28 thoughts on “RIP, Ted Kennedy

  1. As with any public life, it’s hard to seperate the good from the bad, especially with so much of both. I figure if you’re going to judge a senator, you judge him on what (s)he wanted to accomplish. In that regard, I think Ted did alright.
    We could sure use a couple dozen of him in the healthcare debate right now.

  2. [Deleted because people can crap on Kennedy in their own spaces if they like. If you have something substantive and yet not positive to say, fine. Otherwise, I’ll be snipping it out — JS]

  3. It’s too bad Ted didn’t live long enough to see some kind of health care reform actually pass. It’s been one of his pet projects for years.

    Now let’s see who the governor will appoint to replace him until a special election can be held. I don’t envy that person. It will be some big shoes to fill.

  4. The only one of the brothers to die in his bed and, while he certainly wasn’t perfect, had a much bigger impact on our country in the long term and any of the other three. I’m pretty sure we’ll be hearing a lot of “Remember Chappiquiddick” stuff over the next few days from some on the Rabid Right but I suspect he’ll be remembered for things like Title 9 more than his drinking and other personal mistakes.

  5. Although given the coverage I saw this morning, you would have been excused for thinking it was John Kennedy who died. It seemed like they were either showing talking heads, clips of old JFK speeches, or showing Ted Kennedy talking about the old JFK speeches.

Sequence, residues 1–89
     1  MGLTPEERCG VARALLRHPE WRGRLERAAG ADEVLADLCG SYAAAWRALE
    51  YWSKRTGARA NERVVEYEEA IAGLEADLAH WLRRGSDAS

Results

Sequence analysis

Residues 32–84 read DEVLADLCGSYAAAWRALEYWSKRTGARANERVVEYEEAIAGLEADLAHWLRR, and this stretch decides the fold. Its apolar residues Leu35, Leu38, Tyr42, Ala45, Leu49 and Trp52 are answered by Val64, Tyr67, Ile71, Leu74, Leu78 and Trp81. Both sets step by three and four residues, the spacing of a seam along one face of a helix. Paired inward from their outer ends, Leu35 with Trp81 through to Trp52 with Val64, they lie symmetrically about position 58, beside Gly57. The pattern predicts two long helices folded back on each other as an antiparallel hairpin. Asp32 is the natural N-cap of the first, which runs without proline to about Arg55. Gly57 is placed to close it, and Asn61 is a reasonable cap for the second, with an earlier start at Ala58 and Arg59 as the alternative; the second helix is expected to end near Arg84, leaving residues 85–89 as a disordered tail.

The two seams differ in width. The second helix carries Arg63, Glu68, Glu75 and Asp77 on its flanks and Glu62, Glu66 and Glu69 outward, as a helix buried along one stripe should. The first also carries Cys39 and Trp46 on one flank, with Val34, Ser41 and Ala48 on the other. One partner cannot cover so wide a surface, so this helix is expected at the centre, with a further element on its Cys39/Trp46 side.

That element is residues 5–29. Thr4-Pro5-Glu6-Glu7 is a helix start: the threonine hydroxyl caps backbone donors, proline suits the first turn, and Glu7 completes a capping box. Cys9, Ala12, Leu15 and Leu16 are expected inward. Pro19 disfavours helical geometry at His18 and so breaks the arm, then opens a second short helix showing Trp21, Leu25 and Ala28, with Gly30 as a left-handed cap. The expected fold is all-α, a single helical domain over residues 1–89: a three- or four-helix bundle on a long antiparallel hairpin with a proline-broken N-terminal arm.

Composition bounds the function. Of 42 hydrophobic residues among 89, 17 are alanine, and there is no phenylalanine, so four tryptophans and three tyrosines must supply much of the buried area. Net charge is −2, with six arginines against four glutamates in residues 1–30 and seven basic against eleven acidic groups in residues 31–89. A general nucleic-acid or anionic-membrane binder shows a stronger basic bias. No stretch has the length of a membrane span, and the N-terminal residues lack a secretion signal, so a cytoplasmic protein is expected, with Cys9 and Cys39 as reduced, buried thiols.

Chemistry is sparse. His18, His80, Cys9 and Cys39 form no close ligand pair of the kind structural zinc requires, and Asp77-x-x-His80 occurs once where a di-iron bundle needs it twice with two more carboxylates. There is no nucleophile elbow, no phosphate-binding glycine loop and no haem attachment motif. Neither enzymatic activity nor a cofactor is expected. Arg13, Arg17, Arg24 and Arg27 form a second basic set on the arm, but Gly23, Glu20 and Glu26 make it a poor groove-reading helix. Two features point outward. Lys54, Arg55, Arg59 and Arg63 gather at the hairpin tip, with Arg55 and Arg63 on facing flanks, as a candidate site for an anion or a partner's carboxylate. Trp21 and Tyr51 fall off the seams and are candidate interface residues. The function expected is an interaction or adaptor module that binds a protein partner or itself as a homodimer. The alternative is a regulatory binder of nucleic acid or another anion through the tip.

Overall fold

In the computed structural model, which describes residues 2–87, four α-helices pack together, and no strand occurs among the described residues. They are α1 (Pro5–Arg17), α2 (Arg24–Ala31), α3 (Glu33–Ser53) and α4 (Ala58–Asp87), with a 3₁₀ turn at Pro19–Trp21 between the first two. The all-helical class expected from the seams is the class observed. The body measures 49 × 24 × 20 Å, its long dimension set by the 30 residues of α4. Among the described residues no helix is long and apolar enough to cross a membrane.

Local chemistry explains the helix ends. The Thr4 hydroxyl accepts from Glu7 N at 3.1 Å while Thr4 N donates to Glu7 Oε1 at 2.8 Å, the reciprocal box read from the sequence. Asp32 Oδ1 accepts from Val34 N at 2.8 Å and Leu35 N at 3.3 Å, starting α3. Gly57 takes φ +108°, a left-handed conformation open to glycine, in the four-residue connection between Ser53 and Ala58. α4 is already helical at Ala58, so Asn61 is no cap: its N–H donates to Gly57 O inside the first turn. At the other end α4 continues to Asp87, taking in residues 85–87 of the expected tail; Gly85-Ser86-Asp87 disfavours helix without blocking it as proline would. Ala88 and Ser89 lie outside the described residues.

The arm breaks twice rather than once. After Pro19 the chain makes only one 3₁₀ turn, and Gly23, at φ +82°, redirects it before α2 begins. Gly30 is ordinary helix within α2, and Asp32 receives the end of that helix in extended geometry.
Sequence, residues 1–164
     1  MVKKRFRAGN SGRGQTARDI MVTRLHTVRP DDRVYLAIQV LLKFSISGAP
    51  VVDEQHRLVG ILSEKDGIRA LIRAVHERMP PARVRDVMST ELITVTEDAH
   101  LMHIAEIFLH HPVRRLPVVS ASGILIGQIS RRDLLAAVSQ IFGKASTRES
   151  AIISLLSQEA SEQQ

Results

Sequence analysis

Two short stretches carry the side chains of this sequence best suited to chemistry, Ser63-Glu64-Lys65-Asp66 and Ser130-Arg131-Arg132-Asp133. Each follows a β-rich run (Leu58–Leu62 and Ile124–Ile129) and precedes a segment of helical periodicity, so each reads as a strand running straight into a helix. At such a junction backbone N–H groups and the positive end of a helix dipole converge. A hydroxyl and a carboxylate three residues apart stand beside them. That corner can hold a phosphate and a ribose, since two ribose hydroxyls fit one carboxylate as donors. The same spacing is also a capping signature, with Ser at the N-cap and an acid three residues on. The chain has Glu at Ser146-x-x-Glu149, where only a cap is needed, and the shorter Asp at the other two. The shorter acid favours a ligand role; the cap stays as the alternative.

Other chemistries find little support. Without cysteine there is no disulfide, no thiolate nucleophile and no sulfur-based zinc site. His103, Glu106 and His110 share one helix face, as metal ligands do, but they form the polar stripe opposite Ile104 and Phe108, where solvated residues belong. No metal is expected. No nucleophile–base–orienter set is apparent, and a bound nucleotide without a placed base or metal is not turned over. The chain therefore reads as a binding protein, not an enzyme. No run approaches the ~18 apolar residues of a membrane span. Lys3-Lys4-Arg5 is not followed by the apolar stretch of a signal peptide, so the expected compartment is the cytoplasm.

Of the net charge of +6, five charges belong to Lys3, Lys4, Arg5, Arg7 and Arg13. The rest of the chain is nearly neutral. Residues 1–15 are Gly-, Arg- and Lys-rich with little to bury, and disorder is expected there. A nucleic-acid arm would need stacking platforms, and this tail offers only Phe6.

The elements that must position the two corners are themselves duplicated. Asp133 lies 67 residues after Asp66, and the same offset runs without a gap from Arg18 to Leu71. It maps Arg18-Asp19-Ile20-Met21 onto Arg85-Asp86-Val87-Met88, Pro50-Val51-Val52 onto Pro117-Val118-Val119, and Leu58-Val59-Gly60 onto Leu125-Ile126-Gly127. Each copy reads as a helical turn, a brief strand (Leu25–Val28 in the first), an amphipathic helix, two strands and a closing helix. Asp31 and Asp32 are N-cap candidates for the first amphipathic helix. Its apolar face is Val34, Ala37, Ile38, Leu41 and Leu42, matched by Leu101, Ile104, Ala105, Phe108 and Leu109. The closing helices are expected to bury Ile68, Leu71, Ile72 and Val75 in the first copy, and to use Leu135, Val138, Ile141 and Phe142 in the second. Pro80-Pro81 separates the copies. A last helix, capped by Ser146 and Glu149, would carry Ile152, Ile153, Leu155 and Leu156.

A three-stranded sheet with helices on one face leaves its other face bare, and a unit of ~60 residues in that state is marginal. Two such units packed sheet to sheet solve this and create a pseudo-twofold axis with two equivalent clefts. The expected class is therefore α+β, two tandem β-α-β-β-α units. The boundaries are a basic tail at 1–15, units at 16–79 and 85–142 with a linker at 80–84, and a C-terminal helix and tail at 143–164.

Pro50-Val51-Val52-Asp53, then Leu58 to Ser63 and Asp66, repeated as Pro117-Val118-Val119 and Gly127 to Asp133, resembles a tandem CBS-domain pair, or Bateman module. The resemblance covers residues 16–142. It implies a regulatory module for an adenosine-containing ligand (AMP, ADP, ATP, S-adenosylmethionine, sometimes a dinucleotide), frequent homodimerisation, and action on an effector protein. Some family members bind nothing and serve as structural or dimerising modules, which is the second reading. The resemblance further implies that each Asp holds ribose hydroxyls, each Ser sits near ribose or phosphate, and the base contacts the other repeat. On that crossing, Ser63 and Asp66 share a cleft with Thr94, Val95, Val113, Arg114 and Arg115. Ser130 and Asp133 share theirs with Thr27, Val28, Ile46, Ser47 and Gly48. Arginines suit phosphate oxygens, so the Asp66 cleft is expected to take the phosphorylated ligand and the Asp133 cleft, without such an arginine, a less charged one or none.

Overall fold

6. Oh man, anyone listening to Biden’s speech? The sincerity is so evident. This is a man who is mourning a friend. Really a beautiful speech, even if (for obvious reasons) he’s having a hard time getting through it.

  7. Ted Kennedy was human and so capable of human mistakes. That doesn’t negate all the good he did in his years in office.
    Someone on one of the shows this morning said he was elected at a time when giants trod the senate floor, not just people who could raise large sums of money.
    So true.

  8. Maybe the good done makes up for the one big mistake; recusal from public life probably would have been just thing. There’s just no way of knowing. The venom on this point is the flip side of the man not having been cornered and made to own up when it mattered. Certain conservative politicians can, of course, demonstrate how it should really be done. Why do I doubt that there will be any takers?

  9. I rarely agreed with him politically, but I greatly admired his ability to get people to work together. He made the world a better place. Rest in Peace, Senator.

  10. “…but there was never a piece of legislation that he ever got passed without a major Republican ally.”

    His ability to work in a bipartisan fashion is what we will miss in this current political climate of ‘hate the other.’

  11. I worked on his 1980 Presidential Campaign. THe news was hardly unexpected, but I feel as bereft and cold as an orphan.